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“We need to change the pre-existing stereotypes about manufacturing jobs in general,” said Charlotte Hoffer Canning, Chief Culture Officer at Hoffer Plastics.

Clare Goldsberry

August 10, 2021

2 Min Read
Young workers in factory
Image: Winnievinzence/Adobe Stock

It’s a challenge that nearly all businesses are facing — finding and hiring the right employees for the job. As of the latest jobs report, there are 10.1 million open positions. Help wanted signs are ubiquitous and employers say that hiring — even with an increase in hourly wages — is difficult.

This summer, Hoffer Plastics Corp. (South Elgin, IL) announced its “Break the Mold” initiative to rebrand job interest in the field of manufacturing in the Chicagoland area. Through its video series and the release of its dedicated web page, the custom injection molding company amplified voices of its employees who “wish they knew more about manufacturing jobs opportunities when [they were] in high school.”

Charlotte Hoffer Canning, Chief Culture Officer at Hoffer Plastics, told PlasticsToday that the company’s hopes for this new campaign is “not just to recruit for immediate openings but to educate about the opportunities in manufacturing as a great, long-term career choice for young people — whether [they're] just graduating from high school or exploring new career choices.”

Hoffer Plastics offers its employees competitive compensation with profit-sharing bonus opportunities and generous benefits packages that include medical, dental, life and disability insurance; a 401(k) with employer match; paid holidays and vacations; and a safe, healthy work environment.

Finding the right employee, however, is about more than just a competitive hourly wage, Canning explained to PlasticsToday. “We need to change the pre-existing stereotypes about manufacturing jobs in general,” she said. “Young people seem to value flexible work schedules and seek companies where they can leverage skills and creativity. They also seek employers that are environmentally and socially responsible. These are all things that plastics manufacturers can offer; we just need to make people aware of it.”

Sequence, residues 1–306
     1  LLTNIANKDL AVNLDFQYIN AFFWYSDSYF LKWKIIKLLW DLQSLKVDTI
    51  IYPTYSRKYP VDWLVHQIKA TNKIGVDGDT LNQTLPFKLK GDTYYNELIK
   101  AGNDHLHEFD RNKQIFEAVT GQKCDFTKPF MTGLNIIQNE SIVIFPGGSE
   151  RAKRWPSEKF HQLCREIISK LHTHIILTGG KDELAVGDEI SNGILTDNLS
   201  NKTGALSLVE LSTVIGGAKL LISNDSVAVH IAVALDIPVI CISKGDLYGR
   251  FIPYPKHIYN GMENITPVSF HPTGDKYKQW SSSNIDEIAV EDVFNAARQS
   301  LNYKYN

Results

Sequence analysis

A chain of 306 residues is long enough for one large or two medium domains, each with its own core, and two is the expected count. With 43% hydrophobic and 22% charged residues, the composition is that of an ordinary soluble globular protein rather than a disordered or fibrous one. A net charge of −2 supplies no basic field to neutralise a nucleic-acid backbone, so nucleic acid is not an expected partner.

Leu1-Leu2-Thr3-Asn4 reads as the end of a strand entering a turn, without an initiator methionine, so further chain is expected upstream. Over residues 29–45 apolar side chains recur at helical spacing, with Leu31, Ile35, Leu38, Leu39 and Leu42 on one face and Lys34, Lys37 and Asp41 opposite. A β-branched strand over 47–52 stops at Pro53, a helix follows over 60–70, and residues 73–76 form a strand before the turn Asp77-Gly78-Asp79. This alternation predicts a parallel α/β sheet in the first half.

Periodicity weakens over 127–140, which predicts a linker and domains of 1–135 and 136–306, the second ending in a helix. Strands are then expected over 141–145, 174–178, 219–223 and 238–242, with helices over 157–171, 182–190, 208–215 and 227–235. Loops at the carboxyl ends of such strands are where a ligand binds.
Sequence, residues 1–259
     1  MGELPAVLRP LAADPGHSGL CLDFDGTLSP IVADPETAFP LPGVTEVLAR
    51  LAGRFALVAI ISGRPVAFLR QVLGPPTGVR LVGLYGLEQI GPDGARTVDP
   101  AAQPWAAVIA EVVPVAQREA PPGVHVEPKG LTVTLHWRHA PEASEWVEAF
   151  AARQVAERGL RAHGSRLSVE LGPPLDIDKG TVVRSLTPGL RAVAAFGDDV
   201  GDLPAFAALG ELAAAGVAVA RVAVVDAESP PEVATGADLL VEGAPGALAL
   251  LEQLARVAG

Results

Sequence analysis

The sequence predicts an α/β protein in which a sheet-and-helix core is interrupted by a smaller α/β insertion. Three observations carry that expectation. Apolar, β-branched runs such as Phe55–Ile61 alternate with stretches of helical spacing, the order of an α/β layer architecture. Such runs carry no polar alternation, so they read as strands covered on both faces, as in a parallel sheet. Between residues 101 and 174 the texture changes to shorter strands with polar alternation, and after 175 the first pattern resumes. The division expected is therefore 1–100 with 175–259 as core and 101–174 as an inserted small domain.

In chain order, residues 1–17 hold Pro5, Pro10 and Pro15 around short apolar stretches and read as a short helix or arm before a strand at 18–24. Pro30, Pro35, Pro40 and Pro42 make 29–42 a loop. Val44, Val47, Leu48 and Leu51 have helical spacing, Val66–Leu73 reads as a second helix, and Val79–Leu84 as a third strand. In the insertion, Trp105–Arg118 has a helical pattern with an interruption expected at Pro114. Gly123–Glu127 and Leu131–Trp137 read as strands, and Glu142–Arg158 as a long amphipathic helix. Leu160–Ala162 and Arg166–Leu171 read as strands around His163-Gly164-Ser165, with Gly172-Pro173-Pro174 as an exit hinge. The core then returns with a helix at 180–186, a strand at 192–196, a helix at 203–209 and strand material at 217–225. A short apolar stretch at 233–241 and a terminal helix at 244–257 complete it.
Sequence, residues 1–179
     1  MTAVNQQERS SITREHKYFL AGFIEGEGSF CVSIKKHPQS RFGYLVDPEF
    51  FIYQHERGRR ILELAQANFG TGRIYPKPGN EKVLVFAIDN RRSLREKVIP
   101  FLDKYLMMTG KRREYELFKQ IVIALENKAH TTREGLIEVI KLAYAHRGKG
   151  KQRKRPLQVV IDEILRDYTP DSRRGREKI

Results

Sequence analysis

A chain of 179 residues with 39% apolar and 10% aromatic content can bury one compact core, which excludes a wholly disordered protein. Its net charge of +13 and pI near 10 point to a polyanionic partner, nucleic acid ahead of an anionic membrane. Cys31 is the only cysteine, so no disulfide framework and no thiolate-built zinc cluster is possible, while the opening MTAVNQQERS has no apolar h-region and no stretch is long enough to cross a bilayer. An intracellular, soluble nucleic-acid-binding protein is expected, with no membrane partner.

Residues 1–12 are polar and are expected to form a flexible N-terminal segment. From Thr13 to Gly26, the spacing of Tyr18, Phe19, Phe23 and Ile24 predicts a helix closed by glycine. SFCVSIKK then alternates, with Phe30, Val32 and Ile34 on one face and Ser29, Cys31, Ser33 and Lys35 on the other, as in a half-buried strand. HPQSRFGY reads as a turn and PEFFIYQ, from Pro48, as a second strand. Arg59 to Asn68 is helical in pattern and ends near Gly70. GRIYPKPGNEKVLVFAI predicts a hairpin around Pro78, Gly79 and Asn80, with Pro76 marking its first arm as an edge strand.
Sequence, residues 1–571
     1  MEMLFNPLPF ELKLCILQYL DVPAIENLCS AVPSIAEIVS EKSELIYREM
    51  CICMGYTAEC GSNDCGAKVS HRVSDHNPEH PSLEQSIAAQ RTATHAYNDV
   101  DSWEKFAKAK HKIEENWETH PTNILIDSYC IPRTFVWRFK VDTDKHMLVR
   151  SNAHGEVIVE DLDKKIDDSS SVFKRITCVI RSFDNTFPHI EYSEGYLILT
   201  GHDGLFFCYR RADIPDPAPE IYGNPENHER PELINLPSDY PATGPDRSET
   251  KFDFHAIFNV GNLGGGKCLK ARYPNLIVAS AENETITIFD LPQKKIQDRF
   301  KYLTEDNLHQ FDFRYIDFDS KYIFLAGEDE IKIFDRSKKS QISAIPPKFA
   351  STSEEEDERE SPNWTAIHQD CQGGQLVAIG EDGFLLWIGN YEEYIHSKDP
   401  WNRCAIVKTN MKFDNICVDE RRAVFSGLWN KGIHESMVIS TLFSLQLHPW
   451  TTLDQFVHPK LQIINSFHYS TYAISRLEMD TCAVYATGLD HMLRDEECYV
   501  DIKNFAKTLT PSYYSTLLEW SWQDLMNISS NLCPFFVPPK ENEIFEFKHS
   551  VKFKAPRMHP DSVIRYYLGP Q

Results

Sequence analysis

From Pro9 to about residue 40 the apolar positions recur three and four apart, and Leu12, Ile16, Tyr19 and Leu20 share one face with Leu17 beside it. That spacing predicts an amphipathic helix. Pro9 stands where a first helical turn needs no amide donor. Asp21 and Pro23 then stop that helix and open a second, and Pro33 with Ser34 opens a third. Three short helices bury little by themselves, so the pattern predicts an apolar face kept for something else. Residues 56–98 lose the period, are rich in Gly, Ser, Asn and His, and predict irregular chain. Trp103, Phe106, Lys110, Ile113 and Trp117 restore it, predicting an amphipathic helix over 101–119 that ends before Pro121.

That’s what Hoffer Plastics’ new Break the Mold is hoping to achieve with an emphasis not just on wages and benefits, but on jobs that do not require a college degree. Hoffer Plastics provides apprenticeship and training programs with tuition reimbursement so that employees can begin building a career without becoming strapped with student loan debt.

“While all of this is important, I think it is also important to add that Hoffer’s key advantage is that we’re not a large corporate conglomerate,” said Canning.

Hoffer Plastics was founded in 1953 by Bob and his wife Helen Hoffer, who set out to create a business that was focused on service to others and putting the needs of customers, employees, and the community first. They believe that by doing so, successful business and financial results would naturally follow. Sixty-six years later, it turns out they were right.

“We’re a family-owned business founded on the values of family, integrity, service, and trust,” Canning added. “These core values have directed who we attract and hire, but more importantly, they serve as our internal compass for providing and caring for our team members, such as choosing people over profits to protect jobs during COVID.”

About the Author(s)

Clare Goldsberry

Until she retired in September 2021, Clare Goldsberry reported on the plastics industry for more than 30 years. In addition to the 10,000+ articles she has written, by her own estimation, she is the author of several books, including The Business of Injection Molding: How to succeed as a custom molder and Purchasing Injection Molds: A buyers guide. Goldsberry is a member of the Plastics Pioneers Association. She reflected on her long career in "Time to Say Good-Bye."

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